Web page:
Stories of the Australian Coastal Radio Service


Tropical Tales

On the night of 24th December, 1974 (Christmas Eve) I was the duty officer at Townsvilleradio/VIT from midnight to 0700 there was only one operator on duty. In those days we monitored 500khz as well as 2182, 4125 and 6215khz (A3J).

The shift was fairly routine and involved sorting and filing the previous days traffic, preparing the "ships in range" list as well as working the odd ship and taking weather observations from the automatic weather stations.

I could hear Darwinradio/VID and Thursday Island Radio/VII alternately sending TTT Cyclone warnings but didn't take a great deal of notice as it was thousands of kilometres away. Around 0300 I was suddenly jolted out of my seat by a QSA5 signal on 6215khz (The R/T calling and distress frequency).

MAYDAY MAYDAY MAYDAY THIS IS MUTUAL ENTERPRISE - OVER!

For a split second I thought "better wait until the nearest coast station replies" but then, hang on, his signal is so strong WE are probably the nearest station! I hit the TX HT button and swung out the microphone.

VIT - MUTUAL ENTERPRISE THIS IS TOWNSVILLERADIO ROGER WHAT IS YOUR POSITION, OVER.

M.E. - MY POSITION IS DARWIN HARBOUR THERE IS A CYCLONE OVERHEAD. WE NEED IMMEDIATE ASSISTANCE, OVER.

VIT - CONFIRM DARWIN HARBOUR?

M.E. - AFFIRMATIVE!

VIT - ROGER STANDBY

"Why wasn't VID answering?" I wondered. Slack!

VIT - DARWINRADIO DARWINRADIO THIS IS TOWNSVILLERADIO 6215KHZ DO YOU READ?, OVER

No reply from Darwin but then the telex machine suddenly burst into life and it was Darwin. I knew the operator on watch was Laz Eliou.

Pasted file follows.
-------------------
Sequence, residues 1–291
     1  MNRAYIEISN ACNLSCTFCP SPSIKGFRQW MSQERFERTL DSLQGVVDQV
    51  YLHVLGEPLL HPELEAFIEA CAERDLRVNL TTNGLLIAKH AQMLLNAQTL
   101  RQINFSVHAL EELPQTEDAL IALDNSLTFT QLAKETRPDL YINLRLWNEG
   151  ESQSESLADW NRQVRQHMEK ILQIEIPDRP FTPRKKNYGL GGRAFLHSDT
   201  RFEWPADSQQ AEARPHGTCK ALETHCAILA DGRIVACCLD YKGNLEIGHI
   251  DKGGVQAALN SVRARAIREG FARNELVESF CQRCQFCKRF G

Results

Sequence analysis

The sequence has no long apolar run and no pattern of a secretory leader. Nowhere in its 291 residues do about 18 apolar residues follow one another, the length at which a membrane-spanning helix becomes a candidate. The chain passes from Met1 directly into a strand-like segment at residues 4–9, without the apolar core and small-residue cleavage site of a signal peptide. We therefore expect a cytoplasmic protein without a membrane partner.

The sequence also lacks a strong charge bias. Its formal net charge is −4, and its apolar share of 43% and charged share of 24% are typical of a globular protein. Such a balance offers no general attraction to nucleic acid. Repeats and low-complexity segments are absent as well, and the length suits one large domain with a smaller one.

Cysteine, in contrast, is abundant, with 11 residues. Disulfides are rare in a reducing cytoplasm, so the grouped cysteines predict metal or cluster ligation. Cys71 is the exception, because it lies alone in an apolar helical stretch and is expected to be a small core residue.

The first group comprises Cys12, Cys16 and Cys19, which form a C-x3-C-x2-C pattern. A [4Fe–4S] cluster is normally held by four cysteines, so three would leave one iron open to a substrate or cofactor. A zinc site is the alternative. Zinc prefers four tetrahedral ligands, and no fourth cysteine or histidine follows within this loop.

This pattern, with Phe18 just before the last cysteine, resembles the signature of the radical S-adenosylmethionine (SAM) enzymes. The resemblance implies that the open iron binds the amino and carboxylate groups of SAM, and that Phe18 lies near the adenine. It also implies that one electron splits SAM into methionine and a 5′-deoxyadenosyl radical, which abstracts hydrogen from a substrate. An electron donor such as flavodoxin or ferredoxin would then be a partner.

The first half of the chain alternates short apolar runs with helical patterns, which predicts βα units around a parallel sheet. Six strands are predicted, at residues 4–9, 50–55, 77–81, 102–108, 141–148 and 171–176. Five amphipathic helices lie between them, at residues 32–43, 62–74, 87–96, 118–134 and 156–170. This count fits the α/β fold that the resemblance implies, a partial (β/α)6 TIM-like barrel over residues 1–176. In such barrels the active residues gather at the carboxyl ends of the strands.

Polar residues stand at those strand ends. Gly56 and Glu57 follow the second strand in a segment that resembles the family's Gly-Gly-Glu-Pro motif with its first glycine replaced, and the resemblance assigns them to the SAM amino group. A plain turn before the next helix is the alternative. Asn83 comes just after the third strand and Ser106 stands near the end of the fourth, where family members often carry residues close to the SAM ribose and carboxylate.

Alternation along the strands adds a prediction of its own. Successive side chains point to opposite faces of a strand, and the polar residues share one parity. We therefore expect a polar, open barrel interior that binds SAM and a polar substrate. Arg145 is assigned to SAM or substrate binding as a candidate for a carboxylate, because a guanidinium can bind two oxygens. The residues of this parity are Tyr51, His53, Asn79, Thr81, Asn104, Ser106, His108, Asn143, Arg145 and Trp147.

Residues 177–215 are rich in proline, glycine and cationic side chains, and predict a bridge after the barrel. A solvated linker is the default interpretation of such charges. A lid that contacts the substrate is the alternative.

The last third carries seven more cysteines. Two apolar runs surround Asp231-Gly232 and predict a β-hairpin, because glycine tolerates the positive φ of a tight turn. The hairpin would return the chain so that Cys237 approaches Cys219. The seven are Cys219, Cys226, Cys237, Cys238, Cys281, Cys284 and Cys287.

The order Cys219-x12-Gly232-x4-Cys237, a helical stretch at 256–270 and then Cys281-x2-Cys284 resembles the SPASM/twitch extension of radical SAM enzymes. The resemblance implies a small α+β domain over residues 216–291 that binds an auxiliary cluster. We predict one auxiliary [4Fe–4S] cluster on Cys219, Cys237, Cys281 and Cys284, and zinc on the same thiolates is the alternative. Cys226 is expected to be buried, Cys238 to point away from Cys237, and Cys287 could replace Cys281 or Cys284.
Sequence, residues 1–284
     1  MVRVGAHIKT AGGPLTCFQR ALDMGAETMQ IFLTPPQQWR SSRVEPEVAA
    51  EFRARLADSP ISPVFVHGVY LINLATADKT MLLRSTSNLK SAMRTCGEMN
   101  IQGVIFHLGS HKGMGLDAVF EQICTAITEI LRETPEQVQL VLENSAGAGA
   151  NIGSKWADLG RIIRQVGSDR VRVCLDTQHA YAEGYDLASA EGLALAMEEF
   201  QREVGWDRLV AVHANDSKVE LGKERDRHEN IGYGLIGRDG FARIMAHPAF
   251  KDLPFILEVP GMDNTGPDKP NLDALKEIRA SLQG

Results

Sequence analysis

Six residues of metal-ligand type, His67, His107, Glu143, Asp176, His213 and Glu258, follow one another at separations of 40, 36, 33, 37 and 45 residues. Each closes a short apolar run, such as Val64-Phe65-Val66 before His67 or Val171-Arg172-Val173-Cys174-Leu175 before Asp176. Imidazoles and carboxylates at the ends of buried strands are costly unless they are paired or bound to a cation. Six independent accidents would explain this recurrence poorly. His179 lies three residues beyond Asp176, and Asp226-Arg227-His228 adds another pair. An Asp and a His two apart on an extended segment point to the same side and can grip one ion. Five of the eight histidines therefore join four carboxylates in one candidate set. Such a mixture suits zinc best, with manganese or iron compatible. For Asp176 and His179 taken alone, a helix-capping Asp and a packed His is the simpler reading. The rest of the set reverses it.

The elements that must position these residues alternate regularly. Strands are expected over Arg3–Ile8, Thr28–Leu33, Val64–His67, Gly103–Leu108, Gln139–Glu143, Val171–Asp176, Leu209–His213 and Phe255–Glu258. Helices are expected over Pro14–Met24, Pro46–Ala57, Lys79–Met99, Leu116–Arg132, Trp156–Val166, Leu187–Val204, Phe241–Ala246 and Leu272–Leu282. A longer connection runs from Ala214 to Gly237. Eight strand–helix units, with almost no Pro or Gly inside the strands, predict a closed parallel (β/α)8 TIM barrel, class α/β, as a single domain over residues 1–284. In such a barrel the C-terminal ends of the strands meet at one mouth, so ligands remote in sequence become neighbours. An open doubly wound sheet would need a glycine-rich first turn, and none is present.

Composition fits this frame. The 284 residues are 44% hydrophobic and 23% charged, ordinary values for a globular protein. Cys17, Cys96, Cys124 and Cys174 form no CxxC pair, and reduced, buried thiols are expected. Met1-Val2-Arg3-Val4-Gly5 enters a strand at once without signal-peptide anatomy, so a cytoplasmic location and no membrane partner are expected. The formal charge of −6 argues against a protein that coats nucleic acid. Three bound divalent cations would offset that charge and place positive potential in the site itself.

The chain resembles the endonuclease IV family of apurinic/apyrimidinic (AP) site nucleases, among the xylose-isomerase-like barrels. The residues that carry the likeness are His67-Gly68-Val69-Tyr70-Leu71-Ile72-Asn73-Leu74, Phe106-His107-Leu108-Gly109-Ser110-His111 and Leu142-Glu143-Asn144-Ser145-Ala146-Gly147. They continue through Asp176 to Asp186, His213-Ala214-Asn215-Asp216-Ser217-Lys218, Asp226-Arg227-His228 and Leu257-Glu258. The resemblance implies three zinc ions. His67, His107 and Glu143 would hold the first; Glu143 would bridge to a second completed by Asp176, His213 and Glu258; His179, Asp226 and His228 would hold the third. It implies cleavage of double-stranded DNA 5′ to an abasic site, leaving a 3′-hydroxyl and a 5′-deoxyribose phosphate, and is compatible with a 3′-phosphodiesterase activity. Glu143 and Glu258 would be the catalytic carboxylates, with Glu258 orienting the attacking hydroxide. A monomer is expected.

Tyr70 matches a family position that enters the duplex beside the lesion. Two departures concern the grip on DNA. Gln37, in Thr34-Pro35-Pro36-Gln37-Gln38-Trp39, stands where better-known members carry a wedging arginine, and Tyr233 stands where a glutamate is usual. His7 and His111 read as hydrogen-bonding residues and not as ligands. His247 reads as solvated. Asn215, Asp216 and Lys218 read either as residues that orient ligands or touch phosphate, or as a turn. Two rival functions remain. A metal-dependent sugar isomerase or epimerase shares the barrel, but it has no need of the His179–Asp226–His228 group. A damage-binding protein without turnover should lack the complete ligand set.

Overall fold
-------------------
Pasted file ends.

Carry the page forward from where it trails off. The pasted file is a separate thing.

The telex chattered it's grim message:- VIT DE VID I CAN HEAR YOU WORKING THE MUTUAL ENTERPRISE ON 6215 BUT WE CAN'T ANSWER. CYCLONE TRACY IS OVERHEAD AND ALL OUR AERIALS ARE DOWN. WE ARE OFF THE AIR!

I grabbed the "Red" phone - our hot line to the Marine Operations Centre, in Canberra - and explained the situation to the duty supervisor. He said, "Ah yes, we heard there had been a bit of a blow up there!" We discussed what could be done for the Mutual Enterprise but agreed there was little to do as no rescue vessel could contemplate putting to sea until the cyclone had passed.

VIT - MUTUAL ENTERPRISE THIS IS TOWNSVILLERADIO I AM AFRAID THERE IS NOTHING WE CAN DO UNTIL THE CYCLONE PASSES. YOU WILL HAVE TO RIDE IT OUT. OVER.

M.E. - ROGER NO WORRIES, MATE, OVER AND OUT!

He didn't seem to be at all perturbed by the fact that we couldn't help him.

(Three years later, after I was posted to Darwin, we operators from VID went on board the Mutual Enterprise, a prawn trawler operating in the Gulf of Carpentaria, but it was a different skipper. I related the story of Christmas Eve, and we went away with boxes of prawns and cartons of beer!)

History shows that severe tropical cyclone "Tracy" - a category four cyclone - completely devastated Darwin City which had to be evacuated. VID was off the air for about five days. The coastal trader NYANDA came alongside after lying off shore waiting for the cyclone to pass.

Devastation

VID station manager, Bob Hooper awoke that Christmas morning and viewed the devastation surrounding him. There was still heavy rain but the wind had died down. He jumped into his four-wheel drive Toyota and headed for the station ten minutes away. The journey took him 50 minutes! The road was strewn with fallen trees, debris and power lines.

He found the station was home to about 15 people from an adjoining block of flats which had been demolished. Part of the roof of the transmitter room was missing and water was coming in. There was no mains power but the station generator was online. There were no phone or telex lines and the city was completely cut off. The rest of Australia, still awakening to Christmas day presents and hangovers, was still oblivious of the plight of Darwin.

Bob went outside and switched on his amateur radio transceiver. After ten minutes he had raised another amateur in Perth and asked him to contact the Sydney head office of the Overseas Telecommunications Commission and explain the situation. After some time Sydneyradio/VIS had brought up a 40kw transmitter and rhombic antenna pointed at Darwin.